Its both/and not either/or. 

          No one is excusing this council or previous ones for the mistakes they’ve made.  The taxpayers just want it cleaned up now.  No more excuses and the blame game doesn’t solve the problem.  I’ve heard many union reps say the council is snowing the public and not dealing fair that the people aren’t getting the facts.  So why not give the facts?  Not more double talk, but the facts.  Break down what discretionary spending can still be cut.  Make a solid and factual proposal to the public about how to solve the budget shortfall. 

          But you don’t do that any more than the council will.  You are your own worst enemy.  People just want the money cut.  Mayor Reed is giving options no matter how hard they are.  You are giving nothing.  Guess who wins public favor?

        • First, I disagree that the current pensions system could not have been maintained.  That is the core of the unions disagreement.  I’ll use an analogy.  You take a home loan out with Wells Fargo.  You sign a binding contract to pay X amount of money each month and they promise you the home loan.  You get your home and make the payments promptly.  Wells Fargo comes back to you 10 years into your 30 year note and says that due to previous Wells Fargo bosses poor financial decisions your payment is going to double and you have to do it for 40 years instead,  Is this fair?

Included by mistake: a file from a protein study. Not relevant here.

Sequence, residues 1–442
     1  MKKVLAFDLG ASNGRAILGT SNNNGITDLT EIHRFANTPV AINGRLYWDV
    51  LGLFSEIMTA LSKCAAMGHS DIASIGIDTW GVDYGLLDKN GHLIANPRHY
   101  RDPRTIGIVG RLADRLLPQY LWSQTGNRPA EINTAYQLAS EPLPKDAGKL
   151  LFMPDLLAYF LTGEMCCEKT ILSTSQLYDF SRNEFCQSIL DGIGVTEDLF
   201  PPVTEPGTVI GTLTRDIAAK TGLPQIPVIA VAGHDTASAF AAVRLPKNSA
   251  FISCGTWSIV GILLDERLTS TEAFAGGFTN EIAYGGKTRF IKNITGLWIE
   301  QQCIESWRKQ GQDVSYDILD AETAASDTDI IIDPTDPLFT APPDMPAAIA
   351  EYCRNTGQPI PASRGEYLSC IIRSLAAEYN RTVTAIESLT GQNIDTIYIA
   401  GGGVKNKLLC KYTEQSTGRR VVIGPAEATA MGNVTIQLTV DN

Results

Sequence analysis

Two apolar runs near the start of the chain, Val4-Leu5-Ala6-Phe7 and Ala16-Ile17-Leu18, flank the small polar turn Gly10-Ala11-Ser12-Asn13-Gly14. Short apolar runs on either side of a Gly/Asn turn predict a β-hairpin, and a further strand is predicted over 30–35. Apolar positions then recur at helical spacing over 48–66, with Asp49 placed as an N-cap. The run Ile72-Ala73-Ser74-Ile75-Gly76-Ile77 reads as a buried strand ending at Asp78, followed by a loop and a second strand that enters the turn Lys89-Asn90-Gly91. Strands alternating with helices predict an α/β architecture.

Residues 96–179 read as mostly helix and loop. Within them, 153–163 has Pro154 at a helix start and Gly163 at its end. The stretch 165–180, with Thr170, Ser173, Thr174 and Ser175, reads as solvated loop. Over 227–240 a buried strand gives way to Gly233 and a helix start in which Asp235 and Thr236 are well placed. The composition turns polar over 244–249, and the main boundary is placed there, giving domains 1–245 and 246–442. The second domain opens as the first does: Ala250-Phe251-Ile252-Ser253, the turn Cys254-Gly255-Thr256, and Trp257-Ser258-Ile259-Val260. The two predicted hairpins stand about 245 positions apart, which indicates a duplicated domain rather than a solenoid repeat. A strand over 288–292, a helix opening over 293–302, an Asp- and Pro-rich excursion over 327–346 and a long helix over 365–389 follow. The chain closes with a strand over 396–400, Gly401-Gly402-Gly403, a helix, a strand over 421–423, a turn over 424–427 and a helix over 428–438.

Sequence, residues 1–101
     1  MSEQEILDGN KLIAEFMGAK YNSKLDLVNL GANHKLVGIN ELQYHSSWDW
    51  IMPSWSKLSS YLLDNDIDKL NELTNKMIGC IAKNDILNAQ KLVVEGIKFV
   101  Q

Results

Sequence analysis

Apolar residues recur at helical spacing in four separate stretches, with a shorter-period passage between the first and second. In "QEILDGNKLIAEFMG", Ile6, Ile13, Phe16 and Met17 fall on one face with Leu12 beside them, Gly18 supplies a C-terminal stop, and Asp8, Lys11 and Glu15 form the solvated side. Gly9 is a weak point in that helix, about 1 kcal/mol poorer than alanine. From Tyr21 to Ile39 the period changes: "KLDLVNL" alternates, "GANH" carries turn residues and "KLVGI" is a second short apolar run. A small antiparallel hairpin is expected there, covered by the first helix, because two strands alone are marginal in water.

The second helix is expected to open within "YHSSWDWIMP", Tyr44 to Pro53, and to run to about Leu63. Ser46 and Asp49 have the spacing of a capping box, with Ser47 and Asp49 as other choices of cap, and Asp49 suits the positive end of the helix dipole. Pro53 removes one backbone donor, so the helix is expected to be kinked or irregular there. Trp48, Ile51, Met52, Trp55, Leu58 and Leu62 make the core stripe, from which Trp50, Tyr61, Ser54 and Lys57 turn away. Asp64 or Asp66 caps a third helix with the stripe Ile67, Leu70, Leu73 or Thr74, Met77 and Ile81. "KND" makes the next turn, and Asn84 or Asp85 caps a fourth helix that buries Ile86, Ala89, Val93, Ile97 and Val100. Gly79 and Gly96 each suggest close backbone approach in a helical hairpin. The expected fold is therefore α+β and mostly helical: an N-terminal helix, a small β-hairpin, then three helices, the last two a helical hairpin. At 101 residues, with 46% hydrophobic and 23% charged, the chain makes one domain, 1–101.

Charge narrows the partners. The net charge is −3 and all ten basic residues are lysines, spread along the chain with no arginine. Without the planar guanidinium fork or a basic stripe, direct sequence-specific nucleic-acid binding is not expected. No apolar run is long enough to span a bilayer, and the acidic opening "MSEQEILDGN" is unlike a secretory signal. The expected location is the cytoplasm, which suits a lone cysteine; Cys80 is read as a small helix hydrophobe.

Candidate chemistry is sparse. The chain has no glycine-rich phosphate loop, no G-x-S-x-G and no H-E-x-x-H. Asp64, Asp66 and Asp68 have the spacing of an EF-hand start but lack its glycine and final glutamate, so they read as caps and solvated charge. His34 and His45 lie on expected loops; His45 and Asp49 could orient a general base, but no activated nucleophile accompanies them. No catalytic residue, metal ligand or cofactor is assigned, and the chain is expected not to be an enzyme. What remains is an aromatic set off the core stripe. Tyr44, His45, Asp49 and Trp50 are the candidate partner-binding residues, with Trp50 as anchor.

There have been several court rulings already across the country, most recently in SoCal, where judges have ruled that union contracts are binding just like a purchase contract or any other contract.  Now, most union members realize that the city officials can’t control the markets.  But they also expect the city to manage its finances like you or I would.  When you receive an unexpected financial windfall do you ignore your credit card balance, car balance or other obligations and run out and buy jewelry and take vacations?  Instead of putting money away for a rainy day do you spend like a drunken sailor in port?

          This is what the city did in the good times.  Now all of a sudden the pensions are “unsustainable” and the employees have to shoulder the burden for the politicos spending sprees.  Had the city run their finances like a responsible citizen, we wouldn’t have half the problems.  And to have them vilify the unions now to redirect public anger away from their track record of ineptitude is just insulting.  The saddest part is that our state and our federal government is going the same.  They just haven’t found a good target yet.  But they will…..